You have no items in your shopping cart.
Studies of bisphenol-S, the chemical compound sometimes used to replace bisphenol-A in “BPA-free” plastic products, found it is disruptive not only to the body’s hormone system, but to brain circuitry in developing animal embryos.
Known to mimic estrogen, BPA and BPS are not the only synthetic chemicals found in hard plastic and certain resins that do so. (Close relatives include Bisphenol B, C, E, F, G, M. P, PH, TMC and Z.) In laboratory tests, 95 percent of hundreds of ordinary plastic products put through “real world” conditions, such as through a microwave or dishwasher, tested positive for leaching estrogenic chemicals. Since companies are under no obligation to tell consumers what chemicals are used in the manufacture of their product, many health experts say the best thing to do is avoid contact with household plastics altogether.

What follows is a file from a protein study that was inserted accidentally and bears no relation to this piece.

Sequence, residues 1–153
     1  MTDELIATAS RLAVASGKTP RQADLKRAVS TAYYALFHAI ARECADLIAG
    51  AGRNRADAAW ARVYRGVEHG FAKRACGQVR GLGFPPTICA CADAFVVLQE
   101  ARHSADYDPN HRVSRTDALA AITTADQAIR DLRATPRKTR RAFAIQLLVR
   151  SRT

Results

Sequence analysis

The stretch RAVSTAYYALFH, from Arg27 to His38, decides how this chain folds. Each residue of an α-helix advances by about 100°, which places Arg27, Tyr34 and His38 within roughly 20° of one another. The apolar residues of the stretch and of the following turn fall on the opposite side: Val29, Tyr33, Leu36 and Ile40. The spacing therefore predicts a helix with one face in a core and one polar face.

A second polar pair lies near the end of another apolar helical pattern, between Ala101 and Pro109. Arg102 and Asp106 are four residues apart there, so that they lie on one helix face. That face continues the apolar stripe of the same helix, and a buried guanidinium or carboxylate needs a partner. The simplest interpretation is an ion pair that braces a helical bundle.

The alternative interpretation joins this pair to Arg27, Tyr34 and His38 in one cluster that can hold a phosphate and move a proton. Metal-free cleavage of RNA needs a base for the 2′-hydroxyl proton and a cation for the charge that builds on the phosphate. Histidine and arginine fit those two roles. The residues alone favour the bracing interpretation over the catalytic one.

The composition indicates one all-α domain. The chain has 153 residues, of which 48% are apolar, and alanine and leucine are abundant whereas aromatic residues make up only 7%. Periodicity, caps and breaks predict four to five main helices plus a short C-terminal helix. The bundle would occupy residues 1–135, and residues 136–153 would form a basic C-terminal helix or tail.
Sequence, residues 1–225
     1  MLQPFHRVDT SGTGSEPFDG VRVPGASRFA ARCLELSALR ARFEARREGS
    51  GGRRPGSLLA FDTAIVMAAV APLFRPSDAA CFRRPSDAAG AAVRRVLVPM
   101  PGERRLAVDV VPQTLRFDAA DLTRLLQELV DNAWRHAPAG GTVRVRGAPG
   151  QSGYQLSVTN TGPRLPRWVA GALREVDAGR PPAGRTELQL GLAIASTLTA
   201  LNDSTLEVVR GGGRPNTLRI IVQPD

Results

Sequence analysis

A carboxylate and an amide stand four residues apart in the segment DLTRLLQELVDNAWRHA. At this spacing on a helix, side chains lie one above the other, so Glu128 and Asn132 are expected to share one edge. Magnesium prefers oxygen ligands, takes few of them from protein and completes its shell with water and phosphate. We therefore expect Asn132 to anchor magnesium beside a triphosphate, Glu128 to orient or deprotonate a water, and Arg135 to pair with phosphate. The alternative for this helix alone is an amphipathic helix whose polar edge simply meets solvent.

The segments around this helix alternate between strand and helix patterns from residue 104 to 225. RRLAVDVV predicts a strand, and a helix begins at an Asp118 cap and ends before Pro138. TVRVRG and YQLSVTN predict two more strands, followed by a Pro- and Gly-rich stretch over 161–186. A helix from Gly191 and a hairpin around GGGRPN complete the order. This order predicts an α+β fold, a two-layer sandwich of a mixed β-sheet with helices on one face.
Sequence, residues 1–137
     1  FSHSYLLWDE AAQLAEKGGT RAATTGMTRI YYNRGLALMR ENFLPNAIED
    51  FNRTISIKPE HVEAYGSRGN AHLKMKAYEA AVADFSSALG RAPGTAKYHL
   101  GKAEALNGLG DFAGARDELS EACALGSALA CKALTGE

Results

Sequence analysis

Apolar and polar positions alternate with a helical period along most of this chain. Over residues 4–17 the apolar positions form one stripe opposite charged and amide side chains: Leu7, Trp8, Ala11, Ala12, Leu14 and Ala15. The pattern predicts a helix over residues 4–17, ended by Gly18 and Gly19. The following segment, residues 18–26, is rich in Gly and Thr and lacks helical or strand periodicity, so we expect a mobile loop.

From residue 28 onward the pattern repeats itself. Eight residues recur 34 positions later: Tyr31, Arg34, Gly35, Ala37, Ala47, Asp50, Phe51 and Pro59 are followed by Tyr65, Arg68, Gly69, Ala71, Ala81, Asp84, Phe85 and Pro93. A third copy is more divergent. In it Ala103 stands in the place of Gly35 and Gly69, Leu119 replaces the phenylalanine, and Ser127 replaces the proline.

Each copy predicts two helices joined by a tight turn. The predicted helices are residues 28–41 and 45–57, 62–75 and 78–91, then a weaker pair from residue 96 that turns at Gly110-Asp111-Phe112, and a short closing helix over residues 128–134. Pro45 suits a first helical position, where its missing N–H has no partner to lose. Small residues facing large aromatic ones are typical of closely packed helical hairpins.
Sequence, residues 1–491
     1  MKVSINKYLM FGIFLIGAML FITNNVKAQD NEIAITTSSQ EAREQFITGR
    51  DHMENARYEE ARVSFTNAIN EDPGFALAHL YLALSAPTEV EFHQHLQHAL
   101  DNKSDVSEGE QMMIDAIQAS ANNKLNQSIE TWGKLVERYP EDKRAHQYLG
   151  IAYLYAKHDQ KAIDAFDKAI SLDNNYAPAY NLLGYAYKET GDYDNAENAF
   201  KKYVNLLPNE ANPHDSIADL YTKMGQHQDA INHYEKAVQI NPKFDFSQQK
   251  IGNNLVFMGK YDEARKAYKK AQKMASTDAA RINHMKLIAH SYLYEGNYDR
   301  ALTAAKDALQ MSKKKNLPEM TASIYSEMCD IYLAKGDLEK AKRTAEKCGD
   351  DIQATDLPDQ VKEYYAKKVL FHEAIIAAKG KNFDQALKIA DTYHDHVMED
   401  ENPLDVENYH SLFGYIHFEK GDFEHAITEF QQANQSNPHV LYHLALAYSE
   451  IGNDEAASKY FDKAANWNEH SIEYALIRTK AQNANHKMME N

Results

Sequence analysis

With the caveat that it is nearly impossible to not be exposed to plastic in the course of a day, here are two lists. The first contains a selective list of plastic items or products that contain plastic resins that experts say you should limit your exposure to or sanitize your hands after touching. The second list contains a selective list of safe alternatives